Updated 04 December 2013

Less drug abuse by anaesthetic residents

American researchers say the high number of residents who study anaesthetics who had a substance abuse disorder in 1996 has decreased substantially.


Slightly less than 1% of US anaesthetic residents who began their training between 1975 and 2009 had a substance abuse disorder during their residency.

Researchers examined data gathered from nearly 45 000 anaesthetic residents during that time and found that the overall rate of substance abuse during the study period was less than 1%. High rates in the earlier years were followed by lower rates in 1996 to 2002, but the highest rates have occurred since 2003.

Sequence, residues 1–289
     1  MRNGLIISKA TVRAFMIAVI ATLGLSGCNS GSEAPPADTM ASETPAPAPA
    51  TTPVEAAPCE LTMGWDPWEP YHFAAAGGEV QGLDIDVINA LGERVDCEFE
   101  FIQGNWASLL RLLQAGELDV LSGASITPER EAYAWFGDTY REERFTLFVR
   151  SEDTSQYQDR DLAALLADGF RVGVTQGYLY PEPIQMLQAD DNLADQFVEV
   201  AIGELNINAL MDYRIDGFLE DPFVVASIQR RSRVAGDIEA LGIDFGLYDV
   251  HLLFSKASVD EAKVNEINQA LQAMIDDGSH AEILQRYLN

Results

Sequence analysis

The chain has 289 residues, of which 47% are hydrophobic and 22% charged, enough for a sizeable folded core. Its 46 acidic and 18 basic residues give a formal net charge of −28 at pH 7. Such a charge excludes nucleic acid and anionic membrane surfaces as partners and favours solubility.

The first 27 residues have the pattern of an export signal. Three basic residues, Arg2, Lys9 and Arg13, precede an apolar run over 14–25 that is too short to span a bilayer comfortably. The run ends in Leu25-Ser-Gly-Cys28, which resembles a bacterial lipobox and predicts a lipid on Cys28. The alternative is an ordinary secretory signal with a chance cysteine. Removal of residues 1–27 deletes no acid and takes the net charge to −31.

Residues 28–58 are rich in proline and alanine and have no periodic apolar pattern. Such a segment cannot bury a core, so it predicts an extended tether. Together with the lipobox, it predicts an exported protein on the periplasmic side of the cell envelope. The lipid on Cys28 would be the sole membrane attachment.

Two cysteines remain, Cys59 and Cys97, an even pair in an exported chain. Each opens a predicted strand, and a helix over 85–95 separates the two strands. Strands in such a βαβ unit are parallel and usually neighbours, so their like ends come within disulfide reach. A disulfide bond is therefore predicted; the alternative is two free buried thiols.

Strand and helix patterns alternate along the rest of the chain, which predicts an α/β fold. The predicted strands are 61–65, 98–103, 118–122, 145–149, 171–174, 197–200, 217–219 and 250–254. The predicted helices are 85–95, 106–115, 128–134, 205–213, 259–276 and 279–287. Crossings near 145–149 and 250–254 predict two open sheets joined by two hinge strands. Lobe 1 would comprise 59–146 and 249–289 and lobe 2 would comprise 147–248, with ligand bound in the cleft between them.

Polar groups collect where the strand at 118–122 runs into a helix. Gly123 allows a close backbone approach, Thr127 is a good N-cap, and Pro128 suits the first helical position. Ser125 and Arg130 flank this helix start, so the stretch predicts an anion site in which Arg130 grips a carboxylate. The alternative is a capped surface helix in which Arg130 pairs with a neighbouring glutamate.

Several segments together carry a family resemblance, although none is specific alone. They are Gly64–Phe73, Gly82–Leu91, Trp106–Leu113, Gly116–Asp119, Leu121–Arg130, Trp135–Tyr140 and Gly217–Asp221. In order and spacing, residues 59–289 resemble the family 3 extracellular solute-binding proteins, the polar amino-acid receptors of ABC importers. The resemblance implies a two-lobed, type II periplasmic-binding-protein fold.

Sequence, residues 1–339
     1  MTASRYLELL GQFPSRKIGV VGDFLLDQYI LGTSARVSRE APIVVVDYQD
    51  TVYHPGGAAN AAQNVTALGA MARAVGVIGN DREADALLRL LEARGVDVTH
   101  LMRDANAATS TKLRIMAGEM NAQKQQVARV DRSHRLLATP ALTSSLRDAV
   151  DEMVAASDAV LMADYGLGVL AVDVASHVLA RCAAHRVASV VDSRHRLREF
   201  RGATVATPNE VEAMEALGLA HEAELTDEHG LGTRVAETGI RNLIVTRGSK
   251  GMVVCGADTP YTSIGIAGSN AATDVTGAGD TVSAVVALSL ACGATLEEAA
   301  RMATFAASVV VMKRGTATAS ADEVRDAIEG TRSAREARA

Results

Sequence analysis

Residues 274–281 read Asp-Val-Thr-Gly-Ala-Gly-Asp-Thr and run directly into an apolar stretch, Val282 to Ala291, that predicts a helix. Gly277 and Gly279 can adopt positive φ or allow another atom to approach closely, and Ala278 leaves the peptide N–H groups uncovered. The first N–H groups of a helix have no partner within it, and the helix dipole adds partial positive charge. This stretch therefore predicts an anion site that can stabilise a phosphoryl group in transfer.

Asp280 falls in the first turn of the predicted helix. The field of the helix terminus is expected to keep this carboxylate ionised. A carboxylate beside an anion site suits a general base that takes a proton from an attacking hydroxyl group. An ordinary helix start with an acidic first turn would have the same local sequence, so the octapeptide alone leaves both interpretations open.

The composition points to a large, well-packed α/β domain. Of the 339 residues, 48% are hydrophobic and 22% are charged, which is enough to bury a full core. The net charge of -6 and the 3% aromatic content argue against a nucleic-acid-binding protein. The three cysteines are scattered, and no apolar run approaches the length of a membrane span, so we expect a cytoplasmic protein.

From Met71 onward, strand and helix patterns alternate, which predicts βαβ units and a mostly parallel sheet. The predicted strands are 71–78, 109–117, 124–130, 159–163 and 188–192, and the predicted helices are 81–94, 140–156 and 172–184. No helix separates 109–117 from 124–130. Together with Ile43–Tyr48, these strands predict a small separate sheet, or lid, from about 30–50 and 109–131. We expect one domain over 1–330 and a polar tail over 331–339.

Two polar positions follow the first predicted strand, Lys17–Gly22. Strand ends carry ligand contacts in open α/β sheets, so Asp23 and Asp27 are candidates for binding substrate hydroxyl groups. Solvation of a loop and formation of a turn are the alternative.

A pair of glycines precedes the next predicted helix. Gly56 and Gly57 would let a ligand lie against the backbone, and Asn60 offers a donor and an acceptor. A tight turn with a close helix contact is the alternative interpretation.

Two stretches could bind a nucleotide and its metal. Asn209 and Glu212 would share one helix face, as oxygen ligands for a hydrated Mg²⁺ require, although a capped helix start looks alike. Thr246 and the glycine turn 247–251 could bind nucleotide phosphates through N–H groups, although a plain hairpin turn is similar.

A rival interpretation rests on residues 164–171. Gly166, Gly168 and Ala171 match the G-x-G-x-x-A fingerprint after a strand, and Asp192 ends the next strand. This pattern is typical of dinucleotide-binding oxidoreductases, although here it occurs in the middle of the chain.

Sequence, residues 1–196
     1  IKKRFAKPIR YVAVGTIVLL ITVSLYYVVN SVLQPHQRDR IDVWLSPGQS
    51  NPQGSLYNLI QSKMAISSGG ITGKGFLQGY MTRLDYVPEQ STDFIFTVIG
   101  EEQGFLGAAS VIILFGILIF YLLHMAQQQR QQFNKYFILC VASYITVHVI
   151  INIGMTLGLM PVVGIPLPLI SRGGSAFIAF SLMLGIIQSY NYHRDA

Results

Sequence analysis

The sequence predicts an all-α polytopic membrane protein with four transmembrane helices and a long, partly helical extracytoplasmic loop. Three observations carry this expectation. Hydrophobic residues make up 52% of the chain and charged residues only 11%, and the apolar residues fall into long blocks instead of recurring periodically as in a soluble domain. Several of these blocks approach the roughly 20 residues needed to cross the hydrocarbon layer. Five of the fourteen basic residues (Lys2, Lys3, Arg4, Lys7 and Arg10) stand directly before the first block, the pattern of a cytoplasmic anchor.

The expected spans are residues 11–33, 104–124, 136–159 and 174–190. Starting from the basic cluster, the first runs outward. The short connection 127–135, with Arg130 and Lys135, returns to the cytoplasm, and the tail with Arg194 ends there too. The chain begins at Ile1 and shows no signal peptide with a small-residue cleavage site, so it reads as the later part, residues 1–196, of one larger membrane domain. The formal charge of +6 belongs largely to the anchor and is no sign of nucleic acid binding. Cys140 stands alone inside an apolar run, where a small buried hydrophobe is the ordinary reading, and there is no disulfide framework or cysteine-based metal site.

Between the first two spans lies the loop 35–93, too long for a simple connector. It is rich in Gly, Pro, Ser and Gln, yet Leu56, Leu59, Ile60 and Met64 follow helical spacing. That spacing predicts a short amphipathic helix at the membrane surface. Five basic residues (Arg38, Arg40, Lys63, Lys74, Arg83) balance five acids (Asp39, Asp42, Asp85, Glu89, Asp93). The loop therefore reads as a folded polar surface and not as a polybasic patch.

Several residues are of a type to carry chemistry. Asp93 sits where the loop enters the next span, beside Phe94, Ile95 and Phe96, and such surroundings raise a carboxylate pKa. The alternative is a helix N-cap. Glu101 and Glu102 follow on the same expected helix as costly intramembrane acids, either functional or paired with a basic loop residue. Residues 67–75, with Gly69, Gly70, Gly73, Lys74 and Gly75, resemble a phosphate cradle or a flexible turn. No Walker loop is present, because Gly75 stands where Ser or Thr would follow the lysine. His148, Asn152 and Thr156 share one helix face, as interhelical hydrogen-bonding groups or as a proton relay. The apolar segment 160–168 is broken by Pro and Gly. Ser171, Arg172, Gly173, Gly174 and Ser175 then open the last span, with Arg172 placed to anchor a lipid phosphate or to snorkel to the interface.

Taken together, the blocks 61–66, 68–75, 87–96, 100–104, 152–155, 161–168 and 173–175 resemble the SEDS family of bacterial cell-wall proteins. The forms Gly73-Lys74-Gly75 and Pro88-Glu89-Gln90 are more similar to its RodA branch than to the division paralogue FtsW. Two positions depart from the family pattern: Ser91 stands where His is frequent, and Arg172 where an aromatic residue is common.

The most common types of substances abused by them were powerful narcotic painkillers, alcohol, marijuana, cocaine and anaesthetics/hypnotics, according to a study published in the Journal of the American Medical Association.


During the study period, 28 anaesthetic residents died due to substance abuse. Among others involved with substance abuse, 43% had at least one relapse over the following 30 years and 11% died due to substance use disorder.

 Rates of relapse and death did not depend on the type of substance, said the researchers.

More information

The US National Institute on Drug Abuse has more about substance abuse.

(Photo of syringe from Shutterstock)


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